Libel Settlement: Gilligan v Faber & Faber – publisher of Ken Livingstone’s autobiography apologises to journalist – Isabel Hudson

21 07 2012

Following Boris Johnson’s victory in the libel courts this week in successfully striking out the complaint brought by RMT leader Bob Crow, his Mayoral adversary Ken Livingstone has also found himself the subject of a libel complaint.

And in an echo of the results in May’s elections, Livingstone did not fare so well as his Conservative counterpart in relation to the complaint which he (or in fact, the publishers of his biography) found himself having to defend.

Andrew Gilligan, former Evening Standard reporter and now the London editor of the Daily and Sunday Telegraph, had been accused by Ken Livingstone of making false statements in the Evening Standard about Livingstone’s time at City Hall. Livingstone had claimed in his autobiography – entitled (rather ironically in retrospect) “You Can’t Say That” that Gilligan was “shown the door” by the Evening Standard, after publishing “lies” about the allocation of grants by Mr Livingstone’s former administration and his former race adviser Lee Jasper. Livingstone also stated in his book that the Evening Standard itself had published editorials which repudiated Gilligan’s stories by confirming “there had been no corruption or cronyism at City Hall.”

Livingstone’s publishers, Faber & Faber, formally apologised to Mr Gilligan in a Statement in Open Court read on 18 July 2012.

Mr Gilligan’s Advocate told Tugendhat J was that in fact, no such editorials had been published by the Evening Standard, while it was Gilligan who chose to leave the newspaper in order to take up a post with the Telegraph. In addition to apologising, Faber & Faber agreed to pay an undisclosed amount of damages to Mr Gilligan, and to amend the paperback editions of Livingstone’s book.

Comment

At a time when the laws of libel are under almost constant attack from the media, it is interesting to note that here a prominent journalist apparently did not hesitate to pray in aid those very same laws to bring a complaint himself. Gilligan recognised that a libel complaint provided a means to vindicate his reputation by ensuring that the true position was made clear, stating “I hope this makes it clear to Mr Livingstone and to anyone tempted to follow his example that I will always defend my journalism.”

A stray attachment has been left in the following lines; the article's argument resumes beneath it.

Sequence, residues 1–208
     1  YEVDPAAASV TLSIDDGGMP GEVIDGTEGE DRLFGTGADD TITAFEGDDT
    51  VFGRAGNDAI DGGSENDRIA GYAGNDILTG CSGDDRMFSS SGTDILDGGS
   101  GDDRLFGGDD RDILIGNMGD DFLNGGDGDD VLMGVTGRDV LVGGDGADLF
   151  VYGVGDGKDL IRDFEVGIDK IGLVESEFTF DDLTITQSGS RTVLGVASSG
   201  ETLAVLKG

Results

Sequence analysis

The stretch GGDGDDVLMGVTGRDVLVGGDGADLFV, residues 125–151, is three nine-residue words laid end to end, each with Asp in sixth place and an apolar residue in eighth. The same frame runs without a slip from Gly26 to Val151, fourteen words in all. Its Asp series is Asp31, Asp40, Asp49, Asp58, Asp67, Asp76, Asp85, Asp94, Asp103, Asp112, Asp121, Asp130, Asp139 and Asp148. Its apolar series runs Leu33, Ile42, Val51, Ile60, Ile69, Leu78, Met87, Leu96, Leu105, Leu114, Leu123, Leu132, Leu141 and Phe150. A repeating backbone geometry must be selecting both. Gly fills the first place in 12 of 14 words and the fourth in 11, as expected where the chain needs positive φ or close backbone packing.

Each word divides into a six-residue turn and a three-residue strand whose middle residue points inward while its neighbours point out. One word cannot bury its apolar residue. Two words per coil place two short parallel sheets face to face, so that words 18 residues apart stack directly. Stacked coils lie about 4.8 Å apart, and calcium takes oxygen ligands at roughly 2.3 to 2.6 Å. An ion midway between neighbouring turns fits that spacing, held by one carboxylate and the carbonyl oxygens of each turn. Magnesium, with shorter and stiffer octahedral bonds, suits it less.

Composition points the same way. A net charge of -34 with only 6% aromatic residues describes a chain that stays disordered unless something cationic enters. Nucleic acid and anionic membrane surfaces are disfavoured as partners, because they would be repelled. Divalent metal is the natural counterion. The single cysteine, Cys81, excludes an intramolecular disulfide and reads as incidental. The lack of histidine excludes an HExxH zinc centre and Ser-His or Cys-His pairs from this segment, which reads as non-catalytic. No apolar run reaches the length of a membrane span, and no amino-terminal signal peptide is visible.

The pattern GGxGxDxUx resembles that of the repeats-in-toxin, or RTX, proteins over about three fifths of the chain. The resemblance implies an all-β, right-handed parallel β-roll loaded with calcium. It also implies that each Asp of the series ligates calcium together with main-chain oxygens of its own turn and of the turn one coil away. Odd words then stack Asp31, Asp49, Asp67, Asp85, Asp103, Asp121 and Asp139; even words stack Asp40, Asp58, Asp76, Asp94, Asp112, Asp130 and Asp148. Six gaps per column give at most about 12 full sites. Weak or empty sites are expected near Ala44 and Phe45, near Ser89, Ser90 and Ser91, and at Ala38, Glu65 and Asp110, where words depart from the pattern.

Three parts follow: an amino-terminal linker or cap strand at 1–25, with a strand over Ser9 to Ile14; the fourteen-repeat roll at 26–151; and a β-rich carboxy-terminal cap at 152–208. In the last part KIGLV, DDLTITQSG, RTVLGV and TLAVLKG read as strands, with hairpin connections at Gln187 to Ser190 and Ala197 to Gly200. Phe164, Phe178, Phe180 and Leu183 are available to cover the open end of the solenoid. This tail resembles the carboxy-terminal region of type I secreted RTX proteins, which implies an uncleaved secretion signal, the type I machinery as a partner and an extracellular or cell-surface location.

The case is a timely reminder that our defamation laws provide an important check and balance on a powerful media and an important means of redress to individuals who have been traduced by it.

Isabel Hudson is a partner at Carter-Ruck


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2 responses

22 07 2012
Evan Harris

Isabel Hudson says, “At a time when the laws of libel are under almost constant attack from the media, it is interesting to note that here a prominent journalist apparently did not hesitate to pray in aid those very same laws to bring a complaint himself.”

She appears to be suggesting that calls for effective libel reform are in some way invalidated by the fact that someone uses the current law for remedy; or perhaps suggesting that those in the media calling for libel reform are some how hypocritical because one (or more) journalist sues for libel under the existing laws.

It is hard to know whether that that trite assertion, or the even more facile one that followed (“The case is a timely reminder that our defamation laws provide an important check and balance on a powerful media and an important means of redress to individuals who have been traduced by it”), actually deserves a response, except to say that it would not have passed muster in my old high school’s debating society or even in the Commons.

For the avoidance of doubt, the calls for effective reform of our libel laws have not generally come from the media, and certainly not exclusively from then. The Libel Reform Campaign, for example, is not funded or otherwise organisationally linked to the British media.

It is also the case that the Libel Reform Campaign does not, and has not, called for the end of the right to bring defamation actions. Under our reforms, the facts of this case suggest that this claimant would still succeed in the same way as now.

There are arguments to be had about the need for reform (although few without a vested financial interest in the claimant camp argue against any reform), and certainly good arguments to be had against suggested specific reform (as Alastair Mullis and others in this blog have set out), but surely the debate deserves more than “journalist X has just won a case so you are wrong” argumentation.

23 07 2012
Law and Media Round Up – 23 July 2012 « Inforrm's Blog

[…] On 18 July 2012 there was a Statement in Open Court [pdf] in the case of Gilligan v Faber & Faber, arising out of comments made in Ken Livingstone’s auto-biography.  We had a post about this statement. […]

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